(Action Lab Entertainment 2014)
Story and Letters by Eric Grissom
Art, Cover, and Design by David Halvorson
Additional Art by Will Perkins and Phil Sloan
Welcome to 2015 and all those things that were promised us. Hoverboards, self-tying shoes, and the ability to get fired by fax lie in the coming year. But lest you forget that a short week ago those things were still a year away, here is a review for a book that promises more than a auto-fitted, auto-drying jacket, this promises fun and adventure and clever story writing. This is Planet Gigantic from Action Lab Entertainment.
If you’re unfamiliar with Action Lab, they’ve been slowly and steadily creating comics since 2011, making a splash with books like Fracture and the two-time Eisner and five-time Glyph nominated Princeless. I was fortunate enough to read through issues 0-4 of Planet Gigantic, and while I’m not on any awards panels, I’d not be surprised to see it in the running.
Planet Gigantic is a space adventure. A pair of intrepid and enigmatic children named Yuri and Valentina, twins bred in by the Wunderkind Corporation, have been sent into space with that noble an probably profitable mission to travel through space, search for new life forms, find…rock monsters? That last was not part of their mission statement but part of what they found when they tangled with space spiders and crash-landed on a nearby gigantic planet. Did I say space spiders? Oh yes. And that isn’t all. Yuri and Valentina aren’t your everyday genetically enhanced, super intelligent children. Oh no. They’ve also been given abilities that will aid them in their voyage. Valentina can create gravitational fields (that’s flyin’ folks) and Yuri can control electro-magnetic energy. They’re accompanied by their sometimes-disembodied “mother”, a robot who helps them out, lends advice, and often saves their bacon. The adventure in the first four books is only a portion of the planet, so after the shadow ninjas, dragon riders, Blood Mines, and Castles of Terror, there is still a whole planet to explore.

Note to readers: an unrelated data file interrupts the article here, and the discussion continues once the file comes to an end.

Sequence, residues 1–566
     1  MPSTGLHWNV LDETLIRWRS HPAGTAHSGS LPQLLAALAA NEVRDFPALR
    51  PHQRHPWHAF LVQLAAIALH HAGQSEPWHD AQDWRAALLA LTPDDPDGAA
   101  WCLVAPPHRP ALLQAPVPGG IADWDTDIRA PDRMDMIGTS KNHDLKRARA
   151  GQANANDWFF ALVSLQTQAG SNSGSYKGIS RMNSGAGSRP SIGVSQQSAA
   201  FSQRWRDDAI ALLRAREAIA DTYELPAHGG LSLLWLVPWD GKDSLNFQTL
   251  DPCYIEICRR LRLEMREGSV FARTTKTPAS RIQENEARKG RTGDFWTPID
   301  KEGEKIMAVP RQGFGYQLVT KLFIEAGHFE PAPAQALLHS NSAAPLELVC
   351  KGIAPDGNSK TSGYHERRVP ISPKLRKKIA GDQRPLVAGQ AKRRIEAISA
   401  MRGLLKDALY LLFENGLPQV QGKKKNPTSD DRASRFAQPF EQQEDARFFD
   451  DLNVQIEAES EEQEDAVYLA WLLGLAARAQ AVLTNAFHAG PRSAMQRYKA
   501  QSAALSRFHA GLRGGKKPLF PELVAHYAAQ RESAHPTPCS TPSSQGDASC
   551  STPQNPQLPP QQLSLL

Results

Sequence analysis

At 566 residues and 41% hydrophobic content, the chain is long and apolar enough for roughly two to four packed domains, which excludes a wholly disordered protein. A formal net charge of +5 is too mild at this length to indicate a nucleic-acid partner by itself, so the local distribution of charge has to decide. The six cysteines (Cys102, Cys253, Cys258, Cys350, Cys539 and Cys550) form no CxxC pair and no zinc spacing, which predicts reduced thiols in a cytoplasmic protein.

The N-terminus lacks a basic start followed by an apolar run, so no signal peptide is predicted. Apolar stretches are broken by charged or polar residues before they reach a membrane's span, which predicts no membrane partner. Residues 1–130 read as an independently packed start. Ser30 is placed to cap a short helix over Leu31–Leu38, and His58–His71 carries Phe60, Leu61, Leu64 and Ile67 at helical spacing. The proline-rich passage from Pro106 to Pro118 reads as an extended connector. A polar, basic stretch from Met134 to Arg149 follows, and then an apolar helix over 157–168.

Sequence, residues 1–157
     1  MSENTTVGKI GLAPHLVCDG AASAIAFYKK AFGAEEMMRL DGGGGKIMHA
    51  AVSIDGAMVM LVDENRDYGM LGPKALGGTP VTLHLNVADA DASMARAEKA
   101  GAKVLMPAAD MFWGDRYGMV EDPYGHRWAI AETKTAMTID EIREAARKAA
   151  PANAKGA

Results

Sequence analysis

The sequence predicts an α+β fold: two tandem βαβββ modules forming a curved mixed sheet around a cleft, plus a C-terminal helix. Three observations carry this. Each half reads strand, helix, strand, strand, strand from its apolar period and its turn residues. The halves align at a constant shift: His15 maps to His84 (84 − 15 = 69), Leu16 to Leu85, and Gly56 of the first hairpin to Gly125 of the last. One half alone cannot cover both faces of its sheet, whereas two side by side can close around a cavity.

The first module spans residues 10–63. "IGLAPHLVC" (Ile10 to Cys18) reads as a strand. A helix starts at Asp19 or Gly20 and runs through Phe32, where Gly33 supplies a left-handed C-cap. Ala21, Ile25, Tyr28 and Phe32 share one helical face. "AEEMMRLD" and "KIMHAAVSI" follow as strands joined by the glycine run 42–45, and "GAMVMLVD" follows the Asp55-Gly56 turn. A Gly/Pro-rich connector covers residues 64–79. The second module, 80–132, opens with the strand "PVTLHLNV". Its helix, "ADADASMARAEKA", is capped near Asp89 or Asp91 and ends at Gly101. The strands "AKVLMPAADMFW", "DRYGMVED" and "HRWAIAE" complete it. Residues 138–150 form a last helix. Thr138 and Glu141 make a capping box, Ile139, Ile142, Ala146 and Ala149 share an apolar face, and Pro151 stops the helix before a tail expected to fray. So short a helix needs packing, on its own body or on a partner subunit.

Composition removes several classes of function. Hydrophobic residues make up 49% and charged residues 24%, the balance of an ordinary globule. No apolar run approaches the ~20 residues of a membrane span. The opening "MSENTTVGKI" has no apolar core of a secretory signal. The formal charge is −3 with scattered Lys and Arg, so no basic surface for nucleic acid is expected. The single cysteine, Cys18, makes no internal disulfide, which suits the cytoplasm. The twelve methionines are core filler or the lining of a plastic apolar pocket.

Eric Grissom (DeadHorse, Chickens) takes what seems to be a lifelong love of sci-fi and fantasy and jams it into an all ages book that is constantly fun and continually enjoyable. Yuri and Valentina are an approachable pair as far as heroes go, and easily readable as far as their intentions go. Reading this book recalled many hours spent with characters like the Wonder Twins, the Marvels, the Fantastic Four, and those moments when you realized that Luke and Leia were brother and sister. It’s the family aspect that was lost for so long in comics, and has recently become more popular with characters like X-23 and Daken. The main idea is that it’s cool to have family on a team together, because there is an instinctual nature that comes from living together from a young age, a connectedness that you can’t get from just being a teammate. Grissom captures that in Planet Gigantic.
David Halvorson (DeadHorse, Bulletproof Chicken) has a cartoon-based style that sets the tone for this story from the start. It’s light and loose and helps instill Yuri and Valentina with that sense of freedom and joy from chaos that is so strong in younger children. (Oh Gawsh. Sounding like an “old guy” now.) But Halvorson draws from a fantastic imagination, bringing to some truly bizarre and wonderful creatures to life as the story progresses.
In addition to all of the above awesomeness, each of the first three issues also includes a short tagged onto the end, a “Story from Planet Gigantic”, that helps to fill in the gaps on some of the history of this world and bring in some very important characters. Two of these additional stories are drawn by Will Perkins (Angelica Tomorrow) and Phil Sloan (DeadHorse) whose work only adds to the book.
Ed Grissom captures the tradition of a Flash Gordon style exploration book and infuses it with the fun of a Wonder Twins cartoon. David Halvorson brings a cartoon look and feel to the comic that only increases the overall enjoyment. Planet Gigantic may have come out last year, but keep your eyes open, because this is one huge planet and those kids are pretty darn great.
Brad Gischia is a writer and artist living in the frozen Upper Peninsula of Michigan. He is married and has three kids and a dog, who all put up with his incessant prattling about comic books.
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